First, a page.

@CStaich,

For what initially looked like a fairly simple issue, this turned out to be deceptively difficult. What was challenging was constructing the data model that allowed for one, two or three different salespeople, and the sales amount being attributed individually to each one.

Here’s your original data model:

This had one minor, one major and one fatal problem:

- date table not marked as a date table (easily fixable, but without that the time intelligence functions will not work properly)
- bidirectional relationship between the date table and the fact table (bidirectional relationships should be avoided if at all possible, since they can produce unexpected, incorrect results)
- multiple relationships between the salesperson dimension table and the fact table - given your requirements, this structure will never produce the correct results since you always have to choose one of the three relationships as active (or activated via USERELATIONSHIP), and by doing so you will fail to capture the salespeople in the other two fields.

To remedy these problems, I did the following:

- marked the date table as a date table, validating on the [Dates]Date field
- changed the date table to fact table relationship to a one-way, one-to-many
- in Power Query, unpivoted the Inside, Field, and Other Salespeople fields, resulting in the following structure that allowed for a single, active relationship between the salesperson dimension table and this restructured fact table:

This now results in a much simpler, cleaner standard star schema data model:

However, this is not without its own challenges, in that the sales amount for each order is repeated up to three times, depending on how many salespeople were involved in the sale. Thus if you take a simple SUM() of this column, it will contain multiple duplicate values. However, we can deal with that if needed via DAX, but the model as structured addresses your requirement well, I think.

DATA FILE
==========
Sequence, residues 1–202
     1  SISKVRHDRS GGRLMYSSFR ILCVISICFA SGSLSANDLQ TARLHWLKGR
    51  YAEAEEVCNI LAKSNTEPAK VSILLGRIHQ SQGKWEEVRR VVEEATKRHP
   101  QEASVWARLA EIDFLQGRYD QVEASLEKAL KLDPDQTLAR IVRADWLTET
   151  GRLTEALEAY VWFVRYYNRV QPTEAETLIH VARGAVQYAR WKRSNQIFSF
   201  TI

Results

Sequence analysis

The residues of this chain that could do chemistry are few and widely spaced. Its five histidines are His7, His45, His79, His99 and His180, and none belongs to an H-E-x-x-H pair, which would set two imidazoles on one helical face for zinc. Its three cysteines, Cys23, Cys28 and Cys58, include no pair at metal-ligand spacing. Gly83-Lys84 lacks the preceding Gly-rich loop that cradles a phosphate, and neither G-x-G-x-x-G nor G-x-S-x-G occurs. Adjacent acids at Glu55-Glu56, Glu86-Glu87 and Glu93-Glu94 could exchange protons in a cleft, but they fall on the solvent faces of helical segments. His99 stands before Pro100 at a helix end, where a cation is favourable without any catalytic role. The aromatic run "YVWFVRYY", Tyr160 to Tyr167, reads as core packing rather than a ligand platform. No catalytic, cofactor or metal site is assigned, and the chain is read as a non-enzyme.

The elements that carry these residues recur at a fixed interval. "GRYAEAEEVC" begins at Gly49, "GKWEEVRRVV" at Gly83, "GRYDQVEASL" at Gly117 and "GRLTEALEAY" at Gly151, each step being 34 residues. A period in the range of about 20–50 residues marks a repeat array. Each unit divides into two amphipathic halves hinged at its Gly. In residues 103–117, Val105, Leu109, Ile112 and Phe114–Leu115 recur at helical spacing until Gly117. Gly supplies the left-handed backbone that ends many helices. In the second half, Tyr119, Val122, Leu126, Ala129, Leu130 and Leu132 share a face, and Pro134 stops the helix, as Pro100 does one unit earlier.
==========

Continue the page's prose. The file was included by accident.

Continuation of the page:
Now, onto the calculated columns and measures.

The first one is a calculated column in the salesperson dimension table to determine whether someone made a sale in **any** of the three salesperson categories. You’ll see that the new structure simplifies this measure significantly relative to what we discussed above earlier in this thread:

```
Made Any Sales =
IF(
CONTAINS(
'Sales Orders by Salespeople',
'Sales Orders by Salespeople'[Salesperson Code],
Salespeople[Salesperson Code]
),
1,
0
)
```

Now here’s the time intelligence measure that calculates YTD total amounts by salesperson, attributing the sale to every salesperson involved, and again the revised data model simplifies this significantly:

```
YTD Sales by Salesperson =
CALCULATE(
TOTALYTD(
[Total Sales],
Dates[Date],
ALLSELECTED( Dates )
),
Salespeople[Made Any Sales] = 1
)
```

Here’s what it looks like when it’s all put together: (note that I changed your data to eliminate any sales for Xavier Zulu, in order to better test the Made Any Sales calculated column):

I hope this is helpful. Full solution file posted below.

Please give a shout if you have any other questions about this.

P.S. if you haven’t already gone through the following course, I highly recommend doing so, as it is a terrific primer on the data modeling and transformation issues discussed above: